Influenza vaccine effectiveness

Vaccine effectiveness is an estimate of the likelihood that a vaccine prevents influenza infection when used in everyday practice. To establish how well influenza vaccines work each season, influenza vaccine effectiveness is measured in observational studies.

In EU/EEA, the ECDC founded network I-MOVE (Influenza - Monitoring Vaccine Effectiveness) is responsible for measuring the vaccine effectiveness.

The studies provide country-specific and pooled effectiveness results for influenza vaccines authorised and used in EU/EEA Member States. The results are presented by age group and by different influenza vaccine strain. Since the influenza season 2012/13 results from observational studies assessing LAIV (Live attenuated influenza vaccine) used in children are available.

In general, a vaccine effectiveness of ~30-60% has been estimated for the three different influenza A (H1N1, H3N2) and B strains (Victoria or Yamagata lineages).

In Europe influenza vaccine effectiveness studies were initiated by ECDC and have been followed systematically since the influenza season 2008/2009.

Table: Overview of articles on effectiveness of inactivated seasonal influenza vaccines estimated in multi-center studies conducted by the I-MOVE network in Europe

Season  Author  Article
Season 2016-17 Kissling et al Early 2016/17 vaccine effectiveness estimates against influenza A(H3N2): I-MOVE multicentre case control studies at primary care and hospital levels in Europe.
Season 2015-16 Kissling et al 2015/16 I-MOVE/I-MOVE+ multicentre case control study in Europe: moderate vaccine effectiveness estimates against influenza A(H1N1)pdm09 and low estimates against lineage mismatched influenza B among children
Season 2014-2015 Valenciano et al Vaccine effectiveness in preventing laboratory-confirmed influenza in primary care patients in a season of co-circulation of influenza A(H1N1)pdm09, B and drifted A(H3N2), I-MOVE Multicentre Case-Control Study, Europe 2014/15.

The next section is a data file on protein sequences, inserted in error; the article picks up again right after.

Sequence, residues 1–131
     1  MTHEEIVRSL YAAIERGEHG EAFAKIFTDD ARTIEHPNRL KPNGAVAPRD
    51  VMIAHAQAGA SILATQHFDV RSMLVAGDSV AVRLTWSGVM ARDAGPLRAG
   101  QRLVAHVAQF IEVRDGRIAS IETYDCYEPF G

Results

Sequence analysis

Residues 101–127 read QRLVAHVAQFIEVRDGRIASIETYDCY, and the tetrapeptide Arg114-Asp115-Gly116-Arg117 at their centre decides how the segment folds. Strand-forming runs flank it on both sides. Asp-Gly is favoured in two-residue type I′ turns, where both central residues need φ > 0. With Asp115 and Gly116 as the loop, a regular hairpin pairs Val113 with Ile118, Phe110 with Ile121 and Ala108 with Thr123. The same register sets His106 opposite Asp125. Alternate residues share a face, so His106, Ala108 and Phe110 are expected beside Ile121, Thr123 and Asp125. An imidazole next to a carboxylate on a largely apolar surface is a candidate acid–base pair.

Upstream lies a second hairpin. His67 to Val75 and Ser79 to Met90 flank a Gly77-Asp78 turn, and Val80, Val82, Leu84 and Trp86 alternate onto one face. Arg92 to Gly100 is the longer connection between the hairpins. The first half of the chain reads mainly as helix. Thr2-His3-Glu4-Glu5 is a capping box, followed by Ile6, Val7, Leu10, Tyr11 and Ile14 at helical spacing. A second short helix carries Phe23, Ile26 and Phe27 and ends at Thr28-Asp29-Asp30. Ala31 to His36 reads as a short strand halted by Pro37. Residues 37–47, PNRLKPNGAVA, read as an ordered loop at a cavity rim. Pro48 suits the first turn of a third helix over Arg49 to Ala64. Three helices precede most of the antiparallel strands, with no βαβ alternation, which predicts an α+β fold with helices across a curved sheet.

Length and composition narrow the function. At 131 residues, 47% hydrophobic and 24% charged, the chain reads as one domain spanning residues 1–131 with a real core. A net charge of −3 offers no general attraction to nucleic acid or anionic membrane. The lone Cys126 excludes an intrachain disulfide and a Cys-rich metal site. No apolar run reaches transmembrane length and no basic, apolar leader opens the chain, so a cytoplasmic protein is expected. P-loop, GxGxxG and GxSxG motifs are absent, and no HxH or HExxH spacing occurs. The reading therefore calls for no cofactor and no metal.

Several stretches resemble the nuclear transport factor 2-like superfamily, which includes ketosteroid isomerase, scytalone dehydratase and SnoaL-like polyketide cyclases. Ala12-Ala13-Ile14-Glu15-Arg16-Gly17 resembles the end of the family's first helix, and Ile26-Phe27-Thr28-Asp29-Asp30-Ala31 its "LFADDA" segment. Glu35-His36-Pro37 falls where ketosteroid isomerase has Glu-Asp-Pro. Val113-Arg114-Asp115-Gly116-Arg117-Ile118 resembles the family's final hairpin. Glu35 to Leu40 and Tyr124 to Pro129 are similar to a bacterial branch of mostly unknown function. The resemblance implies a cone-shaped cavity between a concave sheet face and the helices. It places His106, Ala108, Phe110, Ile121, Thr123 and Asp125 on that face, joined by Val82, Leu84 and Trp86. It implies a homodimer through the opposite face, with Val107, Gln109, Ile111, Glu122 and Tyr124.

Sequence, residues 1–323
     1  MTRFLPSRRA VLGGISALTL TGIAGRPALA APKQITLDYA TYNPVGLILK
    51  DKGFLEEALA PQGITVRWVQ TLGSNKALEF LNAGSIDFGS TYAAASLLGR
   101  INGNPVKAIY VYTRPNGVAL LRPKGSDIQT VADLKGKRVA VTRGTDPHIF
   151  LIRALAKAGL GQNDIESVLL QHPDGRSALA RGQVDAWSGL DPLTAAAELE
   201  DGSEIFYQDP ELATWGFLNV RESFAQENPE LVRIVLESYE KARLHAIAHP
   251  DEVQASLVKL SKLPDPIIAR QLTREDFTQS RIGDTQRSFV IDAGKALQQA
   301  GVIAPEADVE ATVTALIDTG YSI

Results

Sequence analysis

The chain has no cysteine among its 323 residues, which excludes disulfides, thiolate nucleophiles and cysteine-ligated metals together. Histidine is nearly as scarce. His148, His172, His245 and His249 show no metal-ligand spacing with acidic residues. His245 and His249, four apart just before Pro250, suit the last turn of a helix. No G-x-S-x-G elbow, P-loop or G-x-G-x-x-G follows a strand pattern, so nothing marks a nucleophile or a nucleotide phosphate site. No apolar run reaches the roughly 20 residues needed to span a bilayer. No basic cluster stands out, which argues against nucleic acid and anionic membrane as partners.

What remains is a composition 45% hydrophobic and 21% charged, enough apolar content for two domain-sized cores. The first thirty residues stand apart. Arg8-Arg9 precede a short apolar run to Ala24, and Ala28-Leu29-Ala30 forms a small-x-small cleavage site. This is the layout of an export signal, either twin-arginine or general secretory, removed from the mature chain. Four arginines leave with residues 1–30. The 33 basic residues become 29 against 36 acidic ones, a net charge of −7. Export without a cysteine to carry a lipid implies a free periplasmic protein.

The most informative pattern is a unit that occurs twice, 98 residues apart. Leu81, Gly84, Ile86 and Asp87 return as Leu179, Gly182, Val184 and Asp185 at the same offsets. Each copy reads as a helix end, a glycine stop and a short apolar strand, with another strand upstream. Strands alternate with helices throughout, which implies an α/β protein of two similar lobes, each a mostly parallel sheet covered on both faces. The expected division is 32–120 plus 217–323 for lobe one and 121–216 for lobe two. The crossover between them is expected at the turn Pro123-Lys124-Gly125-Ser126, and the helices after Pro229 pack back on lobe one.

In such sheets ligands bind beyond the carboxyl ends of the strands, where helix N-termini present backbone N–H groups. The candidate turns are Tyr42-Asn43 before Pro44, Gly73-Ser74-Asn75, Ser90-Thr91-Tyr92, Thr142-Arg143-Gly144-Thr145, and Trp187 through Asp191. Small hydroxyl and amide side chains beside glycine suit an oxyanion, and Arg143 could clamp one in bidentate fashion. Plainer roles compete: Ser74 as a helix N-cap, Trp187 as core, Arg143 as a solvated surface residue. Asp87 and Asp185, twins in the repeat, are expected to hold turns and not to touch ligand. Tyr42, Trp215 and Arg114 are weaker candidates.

Season 2013-2014 Valenciano et al The European I-MOVE Multicentre 2013-2014 Case-Control Study.  Homogeneous moderate influenza vaccine effectiveness against A(H1N1)pdm09 and heterogeneous results by country against A(H3N2).
Season 2012-2013 Kissling et al Influenza vaccine effectiveness estimates in Europe in a season with three influenza type/subtypes circulating: the I-MOVE multicenter case-control study, influenza  season 2012/13
Season 2011-2012 Kissling et al

Low and decreasing vaccine effectiveness against influenza A(H3) in 2011/12 among vaccination target groups in Europe: results from the I-MOVE multicentre case–control study

Season 2010-2011 Kissling et al Overall and stratified estimates of influenza vaccine effectiveness in Europe for the season 2010-2011
Season 2008-2009 Kissling et al I-MOVE” towards monitoring seasonal and pandemic influenza accine effectiveness: lessons learnt from a pilot multi-centric case-control study in Europe 2008-9  

 

The live attenuated influenza vaccines used in paediatric programmes in Finland, Germany and United Kingdom have also been evaluated: